At the end of the meeting of the Crafts Council of India in the city, Vijayalakshmi Nachiyar from Ethicus brings another ancient and sacred craft with her upcoming exhibition. This time it's Lucknow's Chikankari embroidery.
“I looked for ways we could take our fine cotton fabric to another level with embroidery, and I looked for places where cotton was traditionally used as a raw material. Chikankari was traditionally made from very, very fine cotton for the embroidery, ”says Vijayalakshmi.
There was a lot of preparation in the project. She traveled to Lucknow several times to find the right artisans (several groups of women embroider there). She finally narrowed it down to a group of 30 women. "Who seemed perfect for what I had in mind for my saris," she says.
During her exploration, Vijayalakshmi learned that Chikankari used to use 75 different stitches. “At the moment, around 25 of them still do the really good job. Otherwise, no more than three or four different types are usually used. “A combination of stitches determines the delicacy and the cost of the sari. "In addition to shadow work. there are stitches like, Hathkadi, Phanda, Murri, Bijli, Kil, Bhakia, Karanphool, Jaali, Hul, Kate, Ghaspatti, Pechni, Etc. Each stitch gives the fabric a certain look and texture. Some are worked on the underside of the fabric, some stitches are flush with the fabric, others are drawn up … “Since we at Ethicus have both fine, plain-colored and structured cotton, we tried to create different combinations of stitches. And they look different in every kind of sari. The saris have gold pallu and borders and we added colorful tassels to make them more elegant, ”she explains.
It took eight months to create this line. Five to six women work on a sari and it takes up to six months to complete a piece depending on the work. While in earlier days the motifs were picked out in a thread (ek taar), rarely does anyone do that anymore. The Ethicus saris are embroidered with two threads (taar). Three or more strands are used in the more recent Chikan work.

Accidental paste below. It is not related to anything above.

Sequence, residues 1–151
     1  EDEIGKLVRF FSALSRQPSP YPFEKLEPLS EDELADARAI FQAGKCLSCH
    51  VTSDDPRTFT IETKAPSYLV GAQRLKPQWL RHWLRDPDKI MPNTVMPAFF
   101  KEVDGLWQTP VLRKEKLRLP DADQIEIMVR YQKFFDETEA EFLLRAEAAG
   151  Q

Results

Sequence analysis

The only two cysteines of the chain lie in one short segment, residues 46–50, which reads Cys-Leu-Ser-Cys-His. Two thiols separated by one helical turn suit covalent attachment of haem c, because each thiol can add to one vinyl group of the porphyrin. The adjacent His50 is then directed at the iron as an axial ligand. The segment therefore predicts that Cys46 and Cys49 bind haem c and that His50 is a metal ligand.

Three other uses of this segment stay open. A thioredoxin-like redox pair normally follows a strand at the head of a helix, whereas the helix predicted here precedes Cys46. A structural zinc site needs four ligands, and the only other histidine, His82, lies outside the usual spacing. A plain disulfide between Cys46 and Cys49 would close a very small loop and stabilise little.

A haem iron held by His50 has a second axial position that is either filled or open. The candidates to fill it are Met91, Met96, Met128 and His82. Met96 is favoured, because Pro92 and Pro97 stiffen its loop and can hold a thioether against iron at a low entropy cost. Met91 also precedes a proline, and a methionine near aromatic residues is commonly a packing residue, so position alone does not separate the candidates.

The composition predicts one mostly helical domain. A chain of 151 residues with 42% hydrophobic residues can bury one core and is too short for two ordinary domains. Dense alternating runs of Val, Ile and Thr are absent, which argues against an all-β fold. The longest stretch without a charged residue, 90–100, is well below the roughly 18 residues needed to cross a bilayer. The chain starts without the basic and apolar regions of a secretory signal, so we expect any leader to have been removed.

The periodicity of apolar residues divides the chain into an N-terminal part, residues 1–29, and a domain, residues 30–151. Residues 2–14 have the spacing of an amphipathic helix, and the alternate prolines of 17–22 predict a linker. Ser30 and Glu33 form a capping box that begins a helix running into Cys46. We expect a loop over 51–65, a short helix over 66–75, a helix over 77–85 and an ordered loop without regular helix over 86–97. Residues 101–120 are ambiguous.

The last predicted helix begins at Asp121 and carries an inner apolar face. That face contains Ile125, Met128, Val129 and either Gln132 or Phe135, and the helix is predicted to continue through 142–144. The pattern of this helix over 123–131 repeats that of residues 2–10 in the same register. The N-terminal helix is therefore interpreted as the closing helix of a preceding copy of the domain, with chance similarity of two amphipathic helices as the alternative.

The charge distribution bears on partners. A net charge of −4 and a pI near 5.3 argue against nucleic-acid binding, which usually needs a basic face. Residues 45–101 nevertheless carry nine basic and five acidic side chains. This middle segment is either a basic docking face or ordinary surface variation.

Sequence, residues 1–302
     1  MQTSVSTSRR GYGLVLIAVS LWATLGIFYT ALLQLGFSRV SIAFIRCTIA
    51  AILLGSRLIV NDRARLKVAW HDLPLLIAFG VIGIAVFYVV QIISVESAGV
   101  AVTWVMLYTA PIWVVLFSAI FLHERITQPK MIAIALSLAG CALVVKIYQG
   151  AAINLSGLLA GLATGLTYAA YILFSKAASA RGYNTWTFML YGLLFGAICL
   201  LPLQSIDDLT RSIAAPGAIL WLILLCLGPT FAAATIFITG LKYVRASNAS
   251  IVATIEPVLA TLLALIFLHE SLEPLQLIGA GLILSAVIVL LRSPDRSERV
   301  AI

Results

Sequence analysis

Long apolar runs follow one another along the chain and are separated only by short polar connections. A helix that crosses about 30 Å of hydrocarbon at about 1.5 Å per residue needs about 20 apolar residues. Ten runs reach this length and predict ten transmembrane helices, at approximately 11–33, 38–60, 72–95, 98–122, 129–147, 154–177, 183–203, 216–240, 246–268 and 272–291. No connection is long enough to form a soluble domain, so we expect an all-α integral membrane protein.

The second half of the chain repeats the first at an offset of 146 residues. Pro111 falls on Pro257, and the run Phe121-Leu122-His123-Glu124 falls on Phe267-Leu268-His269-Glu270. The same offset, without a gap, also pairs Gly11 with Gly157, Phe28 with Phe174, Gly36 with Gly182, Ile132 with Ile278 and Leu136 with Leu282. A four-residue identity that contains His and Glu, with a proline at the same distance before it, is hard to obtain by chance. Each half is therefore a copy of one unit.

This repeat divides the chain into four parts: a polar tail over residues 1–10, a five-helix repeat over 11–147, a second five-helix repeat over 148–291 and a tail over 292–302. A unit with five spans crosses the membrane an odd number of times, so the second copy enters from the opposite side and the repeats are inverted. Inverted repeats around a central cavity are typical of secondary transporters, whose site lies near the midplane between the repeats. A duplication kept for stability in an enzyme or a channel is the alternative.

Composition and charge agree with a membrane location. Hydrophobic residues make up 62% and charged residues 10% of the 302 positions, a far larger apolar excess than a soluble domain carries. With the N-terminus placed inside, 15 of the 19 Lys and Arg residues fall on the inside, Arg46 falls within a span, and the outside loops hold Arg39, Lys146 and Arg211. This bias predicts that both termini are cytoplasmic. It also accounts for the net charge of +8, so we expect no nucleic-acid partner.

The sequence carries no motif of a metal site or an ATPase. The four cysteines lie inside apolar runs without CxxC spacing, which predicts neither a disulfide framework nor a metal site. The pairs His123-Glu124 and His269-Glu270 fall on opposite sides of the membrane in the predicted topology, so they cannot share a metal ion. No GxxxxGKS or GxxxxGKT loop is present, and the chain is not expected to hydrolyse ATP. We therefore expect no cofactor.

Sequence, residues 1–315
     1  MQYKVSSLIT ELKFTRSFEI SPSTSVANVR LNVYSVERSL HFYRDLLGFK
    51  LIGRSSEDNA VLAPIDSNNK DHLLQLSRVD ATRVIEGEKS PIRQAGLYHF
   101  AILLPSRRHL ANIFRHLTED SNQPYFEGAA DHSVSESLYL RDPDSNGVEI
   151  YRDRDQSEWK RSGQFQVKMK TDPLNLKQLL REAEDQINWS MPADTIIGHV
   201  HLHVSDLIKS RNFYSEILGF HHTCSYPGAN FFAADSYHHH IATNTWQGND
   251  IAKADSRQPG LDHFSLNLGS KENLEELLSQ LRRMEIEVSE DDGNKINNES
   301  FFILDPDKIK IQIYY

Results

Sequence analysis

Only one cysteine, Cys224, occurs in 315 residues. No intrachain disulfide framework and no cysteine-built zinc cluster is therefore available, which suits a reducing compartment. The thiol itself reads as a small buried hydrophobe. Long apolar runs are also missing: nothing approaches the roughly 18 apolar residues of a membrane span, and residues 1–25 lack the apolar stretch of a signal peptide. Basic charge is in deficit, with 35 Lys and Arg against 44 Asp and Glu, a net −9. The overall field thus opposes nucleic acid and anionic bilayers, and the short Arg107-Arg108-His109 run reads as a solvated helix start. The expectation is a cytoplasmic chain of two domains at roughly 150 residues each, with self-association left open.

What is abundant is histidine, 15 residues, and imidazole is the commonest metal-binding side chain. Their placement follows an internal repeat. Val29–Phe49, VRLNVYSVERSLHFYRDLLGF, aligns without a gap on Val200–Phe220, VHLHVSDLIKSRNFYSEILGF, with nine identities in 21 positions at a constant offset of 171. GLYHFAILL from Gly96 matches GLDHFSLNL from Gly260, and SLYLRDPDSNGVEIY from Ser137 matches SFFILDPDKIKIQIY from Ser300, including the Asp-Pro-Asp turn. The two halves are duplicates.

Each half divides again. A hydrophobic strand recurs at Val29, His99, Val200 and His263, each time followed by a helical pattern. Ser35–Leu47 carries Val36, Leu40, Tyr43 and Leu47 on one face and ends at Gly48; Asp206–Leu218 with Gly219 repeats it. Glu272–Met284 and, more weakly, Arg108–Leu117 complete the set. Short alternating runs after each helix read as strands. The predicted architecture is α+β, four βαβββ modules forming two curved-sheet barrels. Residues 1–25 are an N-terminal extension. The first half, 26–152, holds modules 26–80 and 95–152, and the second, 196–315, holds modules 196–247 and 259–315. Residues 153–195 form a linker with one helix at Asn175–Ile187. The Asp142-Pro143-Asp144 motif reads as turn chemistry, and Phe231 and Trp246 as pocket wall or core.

Information you can use
- The Chikankaari saris range from 18,000 to 80,000 rupees
- There will also be a collection of Ajrakh and Bandhini sarees from 6,000 rupees.
- Venue: Whispering Stones, Uppilipalayam, Coimbatore.
- Date: February 14 and 15, 2021 (Friday and Saturday)
- Time: 10 a.m. to 7 p.m.
“The original motifs were taken from Persian gardens, the bootis, the flowers, the bels, Jaali work is the hardest. These motifs come from the screens behind which the women in Purdah lived their lives and watched the outside world. We made a sari with Jaali work that was a revival of a 100 year old design that was picked up on as soon as we received it. It was white in white, ”says Viji, adding that the fish is another motif that was the state symbol of the Lucknow Nawab.
While one story attributes the origin of Chikankari to the Mughals royalty, there is another story that says it all started with a bored princess of Murshidabad. In search of something to do, the lady began to embroider intricate motifs with very fine thread on very fine cotton to make a hat for her husband. They say it has kept them busy for a year. The women from noble families took it up and Chikankari was for a long time a sign of the most refined and best fashion of the blue blood. Achkans, Dupattas, caps … all showed the intricate embroidery.
"Some of the incredible Chikankari embroidery still exists in private collections and museums," says Viji, showing a hand-signed copy of an edifying book by textile expert Paola Manfredi with the title Chikankari A Lucknawi traditionwhat inspired them to do this project.